My question is about the relevance of concept size to the polynomial-time/example constraints in efficient PAC-learning. To ask my question precisely I must first give some definitions.


Define the input space as $X_n = {\left\{ 0,1\right\} }^n$ and a concept $c$ as a subset of $X_n$. For example, all vectorized images of size $n$ representing a particular numeral $i$ (e.g. '5') collectively form the concept $c_i$ for that numeral. A concept class $C_n$ is a set of concepts. Continuing our example, the vectorized numeral concept class $\left\{ c_0, c_1, \dots c_9\right\}$ is the set of all ten vectorized numeral concepts for a given dimension $n$.

As an extension to include all dimensions we define $\mathcal{C} = \cup_{n \geq 1} C_n$. A hypothesis set $H_n$ is also a fixed set of subsets of $X_n$ (which might not necessarily align with $C_n$) and we define $\mathcal{H} = \cup_{n \geq 1} H_n$.

The following definition of efficient PAC-learnability is adapted from An Introduction to Computational Learning Theory by Kearns and Vazirani.

$\mathcal{C}$ is efficiently PAC-learnable if there exists an algorithm $\mathcal{A}$ such that for all $n \geq 1,$ all concepts $c \in C_n$, all probability distributions $D$ on $X_n$, and all $\epsilon, \delta \in \left(0,1\right)$, the algorithm halts within polynomial time $p{\left( n, \text{size}{\left(c\right)}, \frac{1}{\epsilon}, \frac{1}{\delta}\right)}$ and returns a hypothesis $h \in H_n$ such that $$ \underset{x \sim D}{\mathbb{P}}{\left[ h{\left(x\right)} \neq c{\left(x\right)} \leq \epsilon\right]} \geq 1 - \delta.$$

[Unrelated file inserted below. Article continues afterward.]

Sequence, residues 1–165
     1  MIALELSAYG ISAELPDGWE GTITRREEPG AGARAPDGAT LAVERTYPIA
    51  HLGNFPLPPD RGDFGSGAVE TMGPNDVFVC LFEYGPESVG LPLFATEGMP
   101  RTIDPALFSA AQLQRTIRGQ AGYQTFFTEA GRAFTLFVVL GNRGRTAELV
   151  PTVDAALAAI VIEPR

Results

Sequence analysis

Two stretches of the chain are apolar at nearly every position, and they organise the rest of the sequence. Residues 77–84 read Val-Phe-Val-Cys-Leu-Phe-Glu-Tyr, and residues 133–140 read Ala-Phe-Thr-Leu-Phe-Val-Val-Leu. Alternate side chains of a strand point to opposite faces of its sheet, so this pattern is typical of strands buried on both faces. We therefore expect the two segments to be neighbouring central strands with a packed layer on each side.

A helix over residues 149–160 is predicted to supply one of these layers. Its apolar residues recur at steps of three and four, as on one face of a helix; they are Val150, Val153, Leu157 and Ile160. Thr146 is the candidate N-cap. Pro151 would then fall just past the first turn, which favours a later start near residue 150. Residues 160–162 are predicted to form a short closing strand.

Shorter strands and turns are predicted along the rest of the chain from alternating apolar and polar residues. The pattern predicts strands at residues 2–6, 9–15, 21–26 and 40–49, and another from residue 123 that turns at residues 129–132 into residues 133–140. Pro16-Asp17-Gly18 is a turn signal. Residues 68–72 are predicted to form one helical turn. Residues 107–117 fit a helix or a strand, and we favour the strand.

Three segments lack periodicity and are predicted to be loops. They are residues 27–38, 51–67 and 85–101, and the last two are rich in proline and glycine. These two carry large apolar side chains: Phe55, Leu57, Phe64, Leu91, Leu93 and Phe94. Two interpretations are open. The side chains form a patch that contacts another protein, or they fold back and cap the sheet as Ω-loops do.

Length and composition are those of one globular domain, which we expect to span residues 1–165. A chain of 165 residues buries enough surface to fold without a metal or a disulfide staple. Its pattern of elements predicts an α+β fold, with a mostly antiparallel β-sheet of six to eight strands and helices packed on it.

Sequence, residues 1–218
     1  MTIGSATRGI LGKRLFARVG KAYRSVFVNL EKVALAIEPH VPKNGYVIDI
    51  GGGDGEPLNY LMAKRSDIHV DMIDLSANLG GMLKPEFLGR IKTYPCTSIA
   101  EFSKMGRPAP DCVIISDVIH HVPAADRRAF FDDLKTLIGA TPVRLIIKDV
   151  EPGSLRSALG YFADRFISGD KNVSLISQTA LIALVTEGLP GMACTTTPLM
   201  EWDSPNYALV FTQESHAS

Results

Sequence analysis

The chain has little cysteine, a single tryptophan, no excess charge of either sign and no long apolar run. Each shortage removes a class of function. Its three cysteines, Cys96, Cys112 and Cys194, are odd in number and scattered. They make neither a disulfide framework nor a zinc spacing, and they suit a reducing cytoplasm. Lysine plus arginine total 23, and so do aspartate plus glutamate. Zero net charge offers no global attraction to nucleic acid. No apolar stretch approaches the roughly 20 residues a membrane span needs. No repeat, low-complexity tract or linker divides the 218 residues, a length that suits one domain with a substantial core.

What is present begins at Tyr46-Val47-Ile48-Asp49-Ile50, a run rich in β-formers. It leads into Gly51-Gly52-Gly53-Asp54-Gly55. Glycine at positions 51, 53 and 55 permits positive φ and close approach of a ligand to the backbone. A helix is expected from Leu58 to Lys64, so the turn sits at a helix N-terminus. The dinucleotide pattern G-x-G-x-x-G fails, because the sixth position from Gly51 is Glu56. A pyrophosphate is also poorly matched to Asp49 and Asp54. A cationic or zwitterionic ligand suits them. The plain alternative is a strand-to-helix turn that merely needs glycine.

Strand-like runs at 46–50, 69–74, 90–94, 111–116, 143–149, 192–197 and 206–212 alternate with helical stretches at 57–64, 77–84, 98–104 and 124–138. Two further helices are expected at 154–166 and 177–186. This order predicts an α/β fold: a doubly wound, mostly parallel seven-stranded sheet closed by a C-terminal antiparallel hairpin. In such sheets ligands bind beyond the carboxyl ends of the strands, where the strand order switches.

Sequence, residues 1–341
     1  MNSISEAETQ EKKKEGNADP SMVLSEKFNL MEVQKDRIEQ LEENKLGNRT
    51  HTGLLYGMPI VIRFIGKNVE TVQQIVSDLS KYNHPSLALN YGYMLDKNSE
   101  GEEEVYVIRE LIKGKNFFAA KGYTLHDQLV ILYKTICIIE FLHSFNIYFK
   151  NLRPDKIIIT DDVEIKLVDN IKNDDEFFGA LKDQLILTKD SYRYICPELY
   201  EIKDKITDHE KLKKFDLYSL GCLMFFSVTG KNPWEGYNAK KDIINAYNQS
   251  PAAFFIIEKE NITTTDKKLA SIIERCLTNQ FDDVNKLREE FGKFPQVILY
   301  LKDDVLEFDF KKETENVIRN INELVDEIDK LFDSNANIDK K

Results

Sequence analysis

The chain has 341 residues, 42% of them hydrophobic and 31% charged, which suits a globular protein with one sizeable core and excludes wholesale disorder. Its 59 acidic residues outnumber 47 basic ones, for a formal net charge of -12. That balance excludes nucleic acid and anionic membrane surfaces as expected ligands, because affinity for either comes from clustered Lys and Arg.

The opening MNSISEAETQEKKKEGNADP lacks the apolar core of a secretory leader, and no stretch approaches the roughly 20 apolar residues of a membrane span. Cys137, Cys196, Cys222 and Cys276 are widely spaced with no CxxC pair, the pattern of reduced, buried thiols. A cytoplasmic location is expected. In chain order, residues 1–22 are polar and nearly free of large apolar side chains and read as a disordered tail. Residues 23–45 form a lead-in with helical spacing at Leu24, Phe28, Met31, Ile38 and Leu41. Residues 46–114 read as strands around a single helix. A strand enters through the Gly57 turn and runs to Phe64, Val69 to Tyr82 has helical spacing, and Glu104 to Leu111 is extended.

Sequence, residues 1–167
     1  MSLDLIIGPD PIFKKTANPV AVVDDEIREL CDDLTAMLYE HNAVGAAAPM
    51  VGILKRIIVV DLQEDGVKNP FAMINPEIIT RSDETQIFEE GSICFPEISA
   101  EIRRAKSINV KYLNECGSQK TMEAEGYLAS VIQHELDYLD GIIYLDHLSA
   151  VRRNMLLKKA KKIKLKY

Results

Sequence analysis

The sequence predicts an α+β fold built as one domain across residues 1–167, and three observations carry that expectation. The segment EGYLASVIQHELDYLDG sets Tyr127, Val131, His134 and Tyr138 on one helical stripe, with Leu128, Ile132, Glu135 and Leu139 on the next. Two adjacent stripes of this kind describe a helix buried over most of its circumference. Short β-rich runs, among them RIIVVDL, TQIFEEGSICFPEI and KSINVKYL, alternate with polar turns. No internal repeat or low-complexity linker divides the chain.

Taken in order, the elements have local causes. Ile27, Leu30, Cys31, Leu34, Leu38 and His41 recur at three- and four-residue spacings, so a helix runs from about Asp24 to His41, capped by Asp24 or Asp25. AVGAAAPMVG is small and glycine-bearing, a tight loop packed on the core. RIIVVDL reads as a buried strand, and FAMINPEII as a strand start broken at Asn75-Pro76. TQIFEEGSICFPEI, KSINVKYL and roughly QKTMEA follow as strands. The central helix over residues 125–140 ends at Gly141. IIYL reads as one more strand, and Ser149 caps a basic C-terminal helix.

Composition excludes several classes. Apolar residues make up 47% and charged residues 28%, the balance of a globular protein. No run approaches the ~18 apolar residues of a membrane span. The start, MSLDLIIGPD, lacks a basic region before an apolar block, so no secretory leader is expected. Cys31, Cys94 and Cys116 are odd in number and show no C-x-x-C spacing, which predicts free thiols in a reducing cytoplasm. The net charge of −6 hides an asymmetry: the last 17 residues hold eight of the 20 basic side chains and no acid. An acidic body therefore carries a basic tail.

Now, in the polynomial $p{\left(\cdot, \cdot, \cdot, \cdot \right)}$, I understand the dependence on $\epsilon$ (accuracy) and $\delta$ (confidence). Additionally, I understand why the polynomial should depend on $n$ - the concept of learnability should be invariant to the time burden incurred from increasing the dimension of the input space (e.g. increasing the resolution of the image). What I do not understand is why the dependence on the size of the target concept (which I believe is usually taken to mean the smallest encoding of the target concept)?


1 Answer 1


The size of a concept representation is important because the time to write/process this representation is a lower bound on the running time of the learning algorithm.

For example, you can represent the boolean parity function with a circuit composed of $\land$, $\lor$ and $\neg$ such that its size is polynomial in $n$, while, if you used a disjunctive normal form (DNF) representation, you might need an exponential number of terms. This may give you some intuition behind this example.

For some concept classes, $\text{size}(c)$ is already bounded by a polynomial in $n$, so the only practical requirement that you need in those cases is that the algorithm runs in time polynomial in $n$. For example, if you consider the class of DNF with at most 3 terms, then you know that the number of literals is at most $3n$ (i.e. each term can contain at most $n$ literals, either $x_i$ or $\neg x_i$ but not both, for all literals $x_1, \dots, x_n$).


You must log in to answer this question.

Not the answer you're looking for? Browse other questions tagged .